The Common Gene Variation That Might Be Affecting Your Folate Intake
Genes are tricky, especially when it comes to your body’s ability to use all the good nutrients you put in. When we were making Essential for Women, we wanted to make sure that we created a vitamin that worked for as many women as possible--regardless of genetic factors. That’s why we were especially careful in choosing the right kind of folate, a nutrient that we all need for DNA synthesis and brain health. Because of a common genetic variation, many of us (some stats say up to 40%) have a hard time using the type of folate in most vitamins. This can lead to folate deficiencies, which manifest as fatigue, a feeling of weakness, a sour mood and some more serious health effects. So how did we find the best form for all genetic types? Let’s get into it.
What is the MTHFR gene variation?
The MTHFR gene controls the production of an enzyme called methylenetetrahydrofolate reductase. MTHFR enzyme helps the body process and convert folate (also known as vitamin B9). This conversion helps the body create amino acids that we need to build proteins and other essential compounds.
People with an MTHFR gene mutation have a highly reduced ability to convert folic acid or even folate into the form that the body needs to create those amino acids.
How do I know if I have it?
To find out if you have the mutation, you have to ask your doctor for the genetic test for MTHFR gene polymorphisms. They might also test for additional genetic changes to MTHFR and other genes that work with folate. They may also recommend genetic counseling so you can understand what the results mean, and how it may affect your health later on in life.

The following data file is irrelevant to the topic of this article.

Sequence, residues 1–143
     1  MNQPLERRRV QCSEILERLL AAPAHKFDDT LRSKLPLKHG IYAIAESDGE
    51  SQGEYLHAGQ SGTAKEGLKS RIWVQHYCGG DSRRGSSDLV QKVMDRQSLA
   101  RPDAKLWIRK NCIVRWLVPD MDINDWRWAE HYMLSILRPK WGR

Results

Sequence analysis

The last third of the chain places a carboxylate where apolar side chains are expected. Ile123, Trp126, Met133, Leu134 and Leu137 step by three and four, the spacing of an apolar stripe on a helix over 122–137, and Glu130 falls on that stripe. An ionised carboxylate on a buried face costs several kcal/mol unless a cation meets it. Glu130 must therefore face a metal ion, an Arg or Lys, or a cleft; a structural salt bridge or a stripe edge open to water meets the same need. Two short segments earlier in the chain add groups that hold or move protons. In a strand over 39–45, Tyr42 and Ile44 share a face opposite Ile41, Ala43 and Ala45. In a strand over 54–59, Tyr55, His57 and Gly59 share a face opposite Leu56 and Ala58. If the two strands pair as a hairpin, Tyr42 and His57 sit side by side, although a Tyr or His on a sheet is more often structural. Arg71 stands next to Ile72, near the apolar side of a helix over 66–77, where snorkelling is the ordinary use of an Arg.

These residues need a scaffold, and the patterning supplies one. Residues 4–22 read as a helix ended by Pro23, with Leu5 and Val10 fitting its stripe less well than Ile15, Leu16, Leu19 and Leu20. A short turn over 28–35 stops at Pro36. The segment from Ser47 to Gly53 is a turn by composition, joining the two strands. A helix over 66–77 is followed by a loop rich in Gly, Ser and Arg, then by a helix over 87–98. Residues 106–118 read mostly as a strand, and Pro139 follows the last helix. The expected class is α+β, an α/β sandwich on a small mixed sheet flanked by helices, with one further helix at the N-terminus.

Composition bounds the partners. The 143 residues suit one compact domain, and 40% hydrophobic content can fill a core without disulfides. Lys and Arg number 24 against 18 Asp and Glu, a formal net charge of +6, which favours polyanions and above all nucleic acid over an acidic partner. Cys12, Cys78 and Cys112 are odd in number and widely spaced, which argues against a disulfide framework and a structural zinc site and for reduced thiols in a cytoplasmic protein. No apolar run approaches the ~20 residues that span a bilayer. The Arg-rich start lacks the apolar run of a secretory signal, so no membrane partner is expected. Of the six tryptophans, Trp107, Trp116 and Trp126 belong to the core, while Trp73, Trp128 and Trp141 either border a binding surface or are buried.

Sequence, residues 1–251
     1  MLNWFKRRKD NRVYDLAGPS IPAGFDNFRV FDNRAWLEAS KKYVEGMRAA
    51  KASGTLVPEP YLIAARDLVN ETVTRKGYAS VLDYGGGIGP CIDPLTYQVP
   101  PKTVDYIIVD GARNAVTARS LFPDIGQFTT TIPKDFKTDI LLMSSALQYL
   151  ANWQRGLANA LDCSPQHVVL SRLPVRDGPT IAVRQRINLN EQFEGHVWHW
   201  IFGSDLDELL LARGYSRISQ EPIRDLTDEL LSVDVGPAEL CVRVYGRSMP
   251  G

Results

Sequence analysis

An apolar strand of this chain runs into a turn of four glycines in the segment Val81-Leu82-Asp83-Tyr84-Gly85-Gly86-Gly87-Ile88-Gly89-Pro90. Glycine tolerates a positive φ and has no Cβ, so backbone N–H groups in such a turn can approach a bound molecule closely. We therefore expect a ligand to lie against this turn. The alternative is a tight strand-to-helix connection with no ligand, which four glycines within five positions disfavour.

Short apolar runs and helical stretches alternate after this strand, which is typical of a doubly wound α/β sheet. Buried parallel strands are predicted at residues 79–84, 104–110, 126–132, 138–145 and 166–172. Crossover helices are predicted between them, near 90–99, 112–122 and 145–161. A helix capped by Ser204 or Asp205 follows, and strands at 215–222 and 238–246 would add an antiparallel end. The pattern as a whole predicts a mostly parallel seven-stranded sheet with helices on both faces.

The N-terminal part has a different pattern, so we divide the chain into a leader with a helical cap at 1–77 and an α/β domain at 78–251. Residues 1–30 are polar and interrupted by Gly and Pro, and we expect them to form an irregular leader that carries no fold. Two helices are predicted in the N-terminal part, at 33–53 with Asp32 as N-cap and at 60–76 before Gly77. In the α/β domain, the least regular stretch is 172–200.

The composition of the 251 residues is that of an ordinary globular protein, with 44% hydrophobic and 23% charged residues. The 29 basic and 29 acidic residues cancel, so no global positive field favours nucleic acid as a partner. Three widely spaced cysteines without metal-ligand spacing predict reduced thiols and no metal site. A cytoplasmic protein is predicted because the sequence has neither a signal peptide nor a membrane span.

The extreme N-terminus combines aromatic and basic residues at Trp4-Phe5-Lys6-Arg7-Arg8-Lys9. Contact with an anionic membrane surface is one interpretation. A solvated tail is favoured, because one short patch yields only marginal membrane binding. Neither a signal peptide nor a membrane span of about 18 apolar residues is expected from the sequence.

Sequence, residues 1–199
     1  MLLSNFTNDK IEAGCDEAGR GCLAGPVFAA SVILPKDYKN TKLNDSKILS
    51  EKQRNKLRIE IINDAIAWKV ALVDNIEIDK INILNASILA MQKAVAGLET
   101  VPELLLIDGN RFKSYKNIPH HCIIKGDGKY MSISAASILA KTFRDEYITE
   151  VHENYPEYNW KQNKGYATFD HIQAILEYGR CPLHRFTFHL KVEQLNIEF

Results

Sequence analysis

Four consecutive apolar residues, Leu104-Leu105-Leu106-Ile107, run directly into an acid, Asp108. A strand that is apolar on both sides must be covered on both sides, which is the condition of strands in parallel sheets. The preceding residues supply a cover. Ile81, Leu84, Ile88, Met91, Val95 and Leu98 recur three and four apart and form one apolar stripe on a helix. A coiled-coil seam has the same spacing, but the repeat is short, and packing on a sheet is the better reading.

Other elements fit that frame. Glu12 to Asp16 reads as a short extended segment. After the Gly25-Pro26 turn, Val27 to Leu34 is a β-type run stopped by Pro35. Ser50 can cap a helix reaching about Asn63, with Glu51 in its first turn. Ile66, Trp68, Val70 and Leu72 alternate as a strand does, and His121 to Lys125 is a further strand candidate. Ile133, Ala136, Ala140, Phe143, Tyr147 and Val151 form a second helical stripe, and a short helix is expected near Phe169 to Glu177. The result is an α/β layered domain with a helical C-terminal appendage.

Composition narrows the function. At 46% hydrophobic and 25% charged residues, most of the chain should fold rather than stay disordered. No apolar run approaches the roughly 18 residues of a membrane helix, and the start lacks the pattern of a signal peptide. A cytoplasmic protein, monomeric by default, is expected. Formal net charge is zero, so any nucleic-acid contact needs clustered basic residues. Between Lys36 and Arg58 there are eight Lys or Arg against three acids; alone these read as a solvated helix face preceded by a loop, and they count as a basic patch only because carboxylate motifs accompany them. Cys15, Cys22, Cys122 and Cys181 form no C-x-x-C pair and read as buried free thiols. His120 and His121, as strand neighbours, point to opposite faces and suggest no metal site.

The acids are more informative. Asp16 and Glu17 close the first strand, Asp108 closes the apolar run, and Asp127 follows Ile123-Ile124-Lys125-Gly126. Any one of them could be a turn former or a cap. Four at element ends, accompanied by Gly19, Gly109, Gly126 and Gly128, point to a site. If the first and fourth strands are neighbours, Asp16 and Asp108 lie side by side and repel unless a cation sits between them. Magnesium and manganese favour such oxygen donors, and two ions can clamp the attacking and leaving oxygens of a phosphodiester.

What kind of folate do you need if you have the variation?
The MTHF form of folate, which we use in Essential for Women, is easier for your body to use if you have the MTHFR genetic variation. MTHF makes it possible for your body to create amino acids without doing all the conversions that those with the gene mutation find difficult. Ritual uses Quatrefolic, a patented form of MTHF called 6S-5-methyltetrahydrofolate glucosamine salt. The glucosamine, found in all of your cells, helps stabilize the MTHF so it reaches your cells in the active form and is easier to absorb.
How common is that type of folate in supplements?
Not common at all, and very hard to find in multivitamins; less than 1% contain MTHF and it’s often mixed with less active folic acid, dampening the benefits of the MTHF.
Questions about the MTHFR gene variation? Drop us a line at email@example.com and we’ll tell you what we know.